In my reading this morning, I noticed a striking contrast between the beginning of the tenth chapter of Isaiah and the first few verses of the eleventh.
“Woe unto them that decree unrighteous decrees, and that write grievousness which they have prescribed; To turn aside the needy from judgment, and to take away the right from the poor of my people, that widows may be their prey, and that they may rob the fatherless!” (Is. 10:1-2).
“And there shall come forth a rod out of the stem of Jesse, and a Branch shall grow out of his roots . . . But with righteousness shall he judge the poor, and reprove with equity for the meek of the earth” (Is. 11:1,4).
The contrast is between those who prescribe grievousness, robbing the poor, and the one who will judge the poor in righteousness.
Of course, the first thing I thought of was the endless stream of regulations and laws pouring out of Washington, all done in the name of prescribing solutions for the disadvantaged among us. But each written regulation is nothing but a prescription of grief.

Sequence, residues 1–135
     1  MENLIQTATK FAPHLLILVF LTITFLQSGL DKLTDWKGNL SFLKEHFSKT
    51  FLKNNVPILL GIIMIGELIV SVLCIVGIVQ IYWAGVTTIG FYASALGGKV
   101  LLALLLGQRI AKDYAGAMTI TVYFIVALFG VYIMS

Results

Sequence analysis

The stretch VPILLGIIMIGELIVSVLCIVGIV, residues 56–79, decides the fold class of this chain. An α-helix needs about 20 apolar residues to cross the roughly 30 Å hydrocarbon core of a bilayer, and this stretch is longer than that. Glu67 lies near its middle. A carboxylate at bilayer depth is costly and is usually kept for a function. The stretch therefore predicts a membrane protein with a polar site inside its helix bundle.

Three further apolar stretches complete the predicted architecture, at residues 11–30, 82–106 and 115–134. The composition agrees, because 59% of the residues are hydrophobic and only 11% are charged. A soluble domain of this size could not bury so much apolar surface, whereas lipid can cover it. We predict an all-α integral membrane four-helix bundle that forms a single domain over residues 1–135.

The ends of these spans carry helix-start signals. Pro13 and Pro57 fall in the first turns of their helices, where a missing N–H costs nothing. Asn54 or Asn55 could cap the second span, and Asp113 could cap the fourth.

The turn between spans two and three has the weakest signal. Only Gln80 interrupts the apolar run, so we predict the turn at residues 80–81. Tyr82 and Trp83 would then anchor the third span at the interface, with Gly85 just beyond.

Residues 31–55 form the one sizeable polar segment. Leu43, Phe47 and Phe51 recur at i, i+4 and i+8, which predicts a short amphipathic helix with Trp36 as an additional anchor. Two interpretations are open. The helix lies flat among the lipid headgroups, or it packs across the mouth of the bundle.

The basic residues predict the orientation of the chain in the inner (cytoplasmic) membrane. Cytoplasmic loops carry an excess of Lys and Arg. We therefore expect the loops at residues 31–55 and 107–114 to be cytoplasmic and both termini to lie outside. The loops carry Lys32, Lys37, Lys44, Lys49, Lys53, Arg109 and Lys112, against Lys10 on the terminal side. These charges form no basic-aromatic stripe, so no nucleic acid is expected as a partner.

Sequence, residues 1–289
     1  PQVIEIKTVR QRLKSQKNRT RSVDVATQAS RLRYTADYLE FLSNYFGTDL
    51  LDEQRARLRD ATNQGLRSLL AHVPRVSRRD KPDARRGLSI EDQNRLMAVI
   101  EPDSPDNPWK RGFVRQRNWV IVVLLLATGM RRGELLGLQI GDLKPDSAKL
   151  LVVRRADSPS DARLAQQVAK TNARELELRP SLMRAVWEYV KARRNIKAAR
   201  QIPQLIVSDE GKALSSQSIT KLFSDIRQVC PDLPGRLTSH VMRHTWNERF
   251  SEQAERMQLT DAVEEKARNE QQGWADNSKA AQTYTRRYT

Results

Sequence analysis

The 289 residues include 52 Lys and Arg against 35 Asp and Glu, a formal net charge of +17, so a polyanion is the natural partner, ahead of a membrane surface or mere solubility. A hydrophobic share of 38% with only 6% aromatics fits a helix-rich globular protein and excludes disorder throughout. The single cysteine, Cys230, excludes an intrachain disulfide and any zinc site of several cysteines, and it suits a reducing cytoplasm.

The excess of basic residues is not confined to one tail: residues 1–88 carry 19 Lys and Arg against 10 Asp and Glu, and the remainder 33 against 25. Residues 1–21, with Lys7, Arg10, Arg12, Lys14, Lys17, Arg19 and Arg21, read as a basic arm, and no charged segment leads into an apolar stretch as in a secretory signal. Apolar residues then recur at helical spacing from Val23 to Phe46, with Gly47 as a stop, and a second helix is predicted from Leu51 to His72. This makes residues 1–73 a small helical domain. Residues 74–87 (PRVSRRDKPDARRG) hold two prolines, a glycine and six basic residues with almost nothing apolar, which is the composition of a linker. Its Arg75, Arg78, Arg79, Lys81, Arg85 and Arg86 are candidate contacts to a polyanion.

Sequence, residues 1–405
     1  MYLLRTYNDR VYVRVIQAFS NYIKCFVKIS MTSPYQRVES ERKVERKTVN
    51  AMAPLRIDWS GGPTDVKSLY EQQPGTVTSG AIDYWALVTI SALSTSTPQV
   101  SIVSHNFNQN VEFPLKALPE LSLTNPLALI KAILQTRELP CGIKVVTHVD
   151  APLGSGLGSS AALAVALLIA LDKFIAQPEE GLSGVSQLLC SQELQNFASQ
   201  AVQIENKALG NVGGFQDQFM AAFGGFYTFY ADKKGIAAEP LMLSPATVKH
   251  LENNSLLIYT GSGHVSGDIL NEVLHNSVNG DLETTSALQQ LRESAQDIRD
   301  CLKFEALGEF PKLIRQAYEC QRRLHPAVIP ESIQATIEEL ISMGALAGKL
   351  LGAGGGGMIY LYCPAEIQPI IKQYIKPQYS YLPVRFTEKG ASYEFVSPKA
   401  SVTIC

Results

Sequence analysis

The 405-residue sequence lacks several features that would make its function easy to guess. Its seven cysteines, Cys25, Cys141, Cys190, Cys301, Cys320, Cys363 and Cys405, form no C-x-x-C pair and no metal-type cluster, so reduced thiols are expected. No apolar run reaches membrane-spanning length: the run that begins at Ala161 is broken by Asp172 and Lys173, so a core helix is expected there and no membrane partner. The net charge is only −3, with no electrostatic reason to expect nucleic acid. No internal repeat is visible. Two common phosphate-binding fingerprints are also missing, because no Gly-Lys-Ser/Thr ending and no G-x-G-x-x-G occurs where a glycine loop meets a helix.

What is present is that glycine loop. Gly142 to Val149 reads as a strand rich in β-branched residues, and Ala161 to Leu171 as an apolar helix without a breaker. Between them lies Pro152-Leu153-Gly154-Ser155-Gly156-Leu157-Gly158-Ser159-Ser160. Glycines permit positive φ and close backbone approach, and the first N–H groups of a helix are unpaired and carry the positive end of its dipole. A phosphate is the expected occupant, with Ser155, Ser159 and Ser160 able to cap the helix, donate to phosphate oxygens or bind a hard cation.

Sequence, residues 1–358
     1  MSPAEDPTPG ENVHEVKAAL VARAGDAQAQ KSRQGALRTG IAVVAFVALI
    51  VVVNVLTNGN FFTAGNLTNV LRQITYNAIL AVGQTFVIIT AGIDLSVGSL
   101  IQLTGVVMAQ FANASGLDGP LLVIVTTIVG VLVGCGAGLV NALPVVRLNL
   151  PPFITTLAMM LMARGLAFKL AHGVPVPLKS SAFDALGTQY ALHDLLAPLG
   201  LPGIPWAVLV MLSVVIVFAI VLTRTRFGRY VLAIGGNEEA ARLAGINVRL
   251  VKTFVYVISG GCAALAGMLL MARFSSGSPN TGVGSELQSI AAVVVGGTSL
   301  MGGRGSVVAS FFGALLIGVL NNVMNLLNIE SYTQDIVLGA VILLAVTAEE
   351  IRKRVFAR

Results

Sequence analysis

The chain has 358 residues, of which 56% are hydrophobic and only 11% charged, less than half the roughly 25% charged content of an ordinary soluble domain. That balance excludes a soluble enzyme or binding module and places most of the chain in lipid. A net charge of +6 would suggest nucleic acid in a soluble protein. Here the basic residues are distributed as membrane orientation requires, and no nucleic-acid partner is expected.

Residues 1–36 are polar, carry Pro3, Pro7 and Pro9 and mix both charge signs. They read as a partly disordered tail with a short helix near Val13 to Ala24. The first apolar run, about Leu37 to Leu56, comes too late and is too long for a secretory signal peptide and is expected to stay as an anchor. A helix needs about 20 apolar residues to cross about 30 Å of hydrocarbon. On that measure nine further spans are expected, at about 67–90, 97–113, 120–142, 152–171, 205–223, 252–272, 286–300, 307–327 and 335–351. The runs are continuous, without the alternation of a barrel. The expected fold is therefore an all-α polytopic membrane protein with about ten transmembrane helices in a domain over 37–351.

In contrast, the Messiah will not be like this. He will judge on behalf of the poor, lift them out of their troubles, and will rejoice that they have been delivered — He will not chide them for now being “middle class.”
One of the dumbest things that conservatives have done (and, I think, one of the most culpable) is that they have allowed leftists to preen themselves as though they were champions of the poor. But they loathe the poor, they despise them. Of course, you can’t stop liberals from preening themselves — their worldview consists entirely of self-congratulation — but they ought not to have been able to do it unchallenged. Every prescription of grief ought to be read aloud, and carefully explained, and this should be done by free market economists who care about the widow. Nobody else apparently cares.